Sometimes called Houston’s “First Lady of the Blues” or “First Lady of Soul,” the dynamic Trudy Lynn was still in her teens when she sang onstage with “Iceman” Albert Collins’s band and opened for Ike & Tina Turner. Even so, her recent success has arguably put the sixtysomething singer in the prime of her career.
Lynn grew up in Fifth Ward, where her mother ran a beauty shop next door to one of Houston’s leading R&B clubs, Club Matinee on Lyons Avenue. After she got a little older, she sang at small clubs and military bases around Texas and spent five years as the featured singer in The Rhythmaires, the popular band led by guitarist and Duke-Peacock alum Clarence Green.
Lynn went solo and worked steadily but only recorded sporadically until the late 1980s and 1990s, when she released several well-received albums on Atlanta-based “soul blues” label Ichiban Records. By the turn of the century, she was appearing regularly at blues festivals nationwide and recording every so often; 2006's I'm Still Here found Lynn fronting the big band led by beloved late Houston bluesman Calvin Owens.
In September of last year, Royal Oaks Blues Cafe, which mixes autobiographical songs “Every Side of Lonesome” and “Down In Memphis” with selections by obscure female artists like Clara Smith, Eloise Bennett and Bea Booze, hit No. 1 on Billboard’s Top Blues Albums chart nearly a year after its release. (A followup is due this fall.) It's been quite a journey, but Lynn understands more than most that a taste for the blues can take a lifetime to develop.
“With what’s going on in the world today, everybody got the blues a little bit, they just don’t realize it,” she told the Defender’s Monica Coleman in 2012. “I tell everyone – young people included — just keep living. One day you’ll get the blues.”
Once a Texas Playboy, always a Texas Playboy. Herb Remington joined Bob Wills’s legendary Western Swing outfit after he got out of the military in 1946 and stuck around long enough to play on one of the group’s best-known songs, “Faded Love.” However, it’s the B-side, “Boot Heel Drag,” where Remington’s steel skills really shine. While with his next group, the band led by hillbilly-boogie singer Hank Penny (“Bloodshot Eyes”), he composed “Remington Ride,” which became a signature song for both Remington and the steel guitar itself. It has since been recorded dozens of times, including by blues great Freddie King and Colorado jam band the String Cheese Incident.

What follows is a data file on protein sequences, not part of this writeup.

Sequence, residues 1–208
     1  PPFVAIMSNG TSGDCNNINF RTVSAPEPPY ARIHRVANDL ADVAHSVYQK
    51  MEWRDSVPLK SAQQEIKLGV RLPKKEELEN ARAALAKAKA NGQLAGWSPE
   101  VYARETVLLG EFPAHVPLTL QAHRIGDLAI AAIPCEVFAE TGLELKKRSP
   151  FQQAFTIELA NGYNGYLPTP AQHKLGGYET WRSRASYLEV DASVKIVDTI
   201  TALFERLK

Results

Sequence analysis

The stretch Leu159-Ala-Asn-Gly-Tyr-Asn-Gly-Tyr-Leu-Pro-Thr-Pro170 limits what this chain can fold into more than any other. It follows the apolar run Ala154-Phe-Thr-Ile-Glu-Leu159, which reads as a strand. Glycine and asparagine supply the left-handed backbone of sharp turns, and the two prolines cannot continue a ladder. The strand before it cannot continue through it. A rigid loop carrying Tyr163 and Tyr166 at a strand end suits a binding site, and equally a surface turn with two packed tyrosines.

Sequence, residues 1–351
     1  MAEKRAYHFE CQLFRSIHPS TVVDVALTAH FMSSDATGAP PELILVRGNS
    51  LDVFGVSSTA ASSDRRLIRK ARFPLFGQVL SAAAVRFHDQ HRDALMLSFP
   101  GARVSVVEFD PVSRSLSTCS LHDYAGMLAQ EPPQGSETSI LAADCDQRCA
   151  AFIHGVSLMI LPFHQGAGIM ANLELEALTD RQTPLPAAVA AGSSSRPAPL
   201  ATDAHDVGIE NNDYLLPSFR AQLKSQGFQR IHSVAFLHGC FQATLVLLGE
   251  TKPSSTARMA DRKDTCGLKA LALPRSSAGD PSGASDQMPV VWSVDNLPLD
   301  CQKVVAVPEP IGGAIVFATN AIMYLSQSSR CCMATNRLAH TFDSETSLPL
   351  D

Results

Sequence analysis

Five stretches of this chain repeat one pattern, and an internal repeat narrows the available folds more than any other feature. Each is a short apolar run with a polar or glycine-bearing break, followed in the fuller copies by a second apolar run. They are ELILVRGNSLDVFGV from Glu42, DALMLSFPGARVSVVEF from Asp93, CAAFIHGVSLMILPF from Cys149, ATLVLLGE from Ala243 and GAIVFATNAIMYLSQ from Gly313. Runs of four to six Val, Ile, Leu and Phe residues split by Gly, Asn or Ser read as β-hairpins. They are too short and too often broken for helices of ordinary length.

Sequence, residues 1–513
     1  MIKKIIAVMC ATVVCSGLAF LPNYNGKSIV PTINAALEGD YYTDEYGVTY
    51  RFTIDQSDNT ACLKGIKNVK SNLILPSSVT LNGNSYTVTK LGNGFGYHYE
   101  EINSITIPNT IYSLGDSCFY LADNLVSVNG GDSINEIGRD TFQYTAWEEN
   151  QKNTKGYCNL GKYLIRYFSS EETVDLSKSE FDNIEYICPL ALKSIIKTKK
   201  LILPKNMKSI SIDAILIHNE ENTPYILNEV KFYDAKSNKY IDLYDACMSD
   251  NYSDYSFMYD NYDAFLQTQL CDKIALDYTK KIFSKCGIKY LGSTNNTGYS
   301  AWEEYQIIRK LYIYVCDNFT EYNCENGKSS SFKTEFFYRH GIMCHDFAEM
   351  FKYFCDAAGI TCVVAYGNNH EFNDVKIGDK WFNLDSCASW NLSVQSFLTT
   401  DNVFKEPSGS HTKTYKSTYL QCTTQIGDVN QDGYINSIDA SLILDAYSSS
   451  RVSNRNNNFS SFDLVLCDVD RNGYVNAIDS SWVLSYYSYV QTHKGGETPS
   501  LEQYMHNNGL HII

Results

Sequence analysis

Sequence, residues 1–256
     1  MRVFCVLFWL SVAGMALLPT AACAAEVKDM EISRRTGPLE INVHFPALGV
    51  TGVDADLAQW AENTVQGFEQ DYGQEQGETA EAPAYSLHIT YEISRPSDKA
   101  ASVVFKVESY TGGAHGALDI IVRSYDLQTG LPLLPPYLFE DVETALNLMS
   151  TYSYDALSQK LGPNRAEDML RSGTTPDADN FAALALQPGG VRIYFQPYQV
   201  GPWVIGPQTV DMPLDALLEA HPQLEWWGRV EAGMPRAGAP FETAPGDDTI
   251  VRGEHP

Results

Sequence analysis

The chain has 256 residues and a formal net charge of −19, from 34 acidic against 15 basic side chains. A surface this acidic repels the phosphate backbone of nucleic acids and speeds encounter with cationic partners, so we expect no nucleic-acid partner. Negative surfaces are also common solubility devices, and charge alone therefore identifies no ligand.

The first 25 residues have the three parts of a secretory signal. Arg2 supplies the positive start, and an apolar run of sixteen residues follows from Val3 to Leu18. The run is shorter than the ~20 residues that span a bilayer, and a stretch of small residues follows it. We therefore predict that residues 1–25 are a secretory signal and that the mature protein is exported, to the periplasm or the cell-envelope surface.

A little further into the ‘50s, Remington settled in Houston and joined the house band of Houston’s Starday Records, appearing on singles like George Jones' “Why Baby Why.” Besides a number of solo albums (1966’s From Houston to Nashville, for one) he has also recorded with Willie Nelson, Merle Haggard, Floyd Tillman, Sleepy LaBeef and the Swingfield Playboys, among many others. In 1979 Remington was inducted into the Steel Guitar Hall of Fame.
Remington is equally accomplished on Hawaiian steel guitar, and equally respected in Hawaiian-music circles. For many years he and his wife, Mel, led a band called the Beachcombers that toured far and wide, tropical destinations especially. And when he isn’t playing one, Remington runs Remington Steel Guitars out of a house in Third Ward, near where he once recorded all those Starday sides at Gold Star Studios (now SugarHill). Examples of the company’s signature model, the Remington Steelmaster, start at $995.
Harry Sheppard has kept Houston swinging well into his eighties, and ranks alongside Lionel Hampton and Milt Jackson among the greatest vibraphone players in jazz history. He's also known for his technical wizardry, outfitting his instrument with effects pedals and electronic pickups that allow him to control the volume of each bar. In his younger days, Sheppard played with Billie Holliday, Coleman Hawkins, longtime Tonight Show bandleader Doc Severinsen and in the band for Barbra Streisand’s first televised performance. He joined Benny Goodman’s orchestra in the early 1960s, and told Houston’s Channel 8 his time with the group was “the dream of my lifetime, never to be forgotten.”
Sheppard moved to Houston in the mid-‘80s to care for a daughter who was battling cancer, only to lose her a year later. Several years later, talking about the move to the Press’s Brad Tyer in 1994, he said, “to this day I’ve never given it a second thought.” In the mid-‘90s he befriended Randall Jamail, owner of Justice Records, and was awarded the star-crossed label’s only lifetime contract. He also fell in with perennial HPMA Best Jazz winners Free Radicals and has appeared on several of their albums, the latest being 2012 HPMA Best Album winner The Freedom Fence. Although he beat back a cancer scare a few years back, Sheppard is still out there playing regular gigs at Cafe Brasil Monday nights, Sundays in his duo of more than 25 years with flutist Bob Chadwick, and selected dates with the Radicals.
“With Harry it was the first time there was a happy-go-lucky feeling while playing, and the audience picked up on that,” Chadwick told another of Sheppard’s frequent collaborators, Free Radicals leader Nick Cooper, in a 2013 Free Press Houston article. “With Harry, people are smiling, whether they know anything about music or not.”
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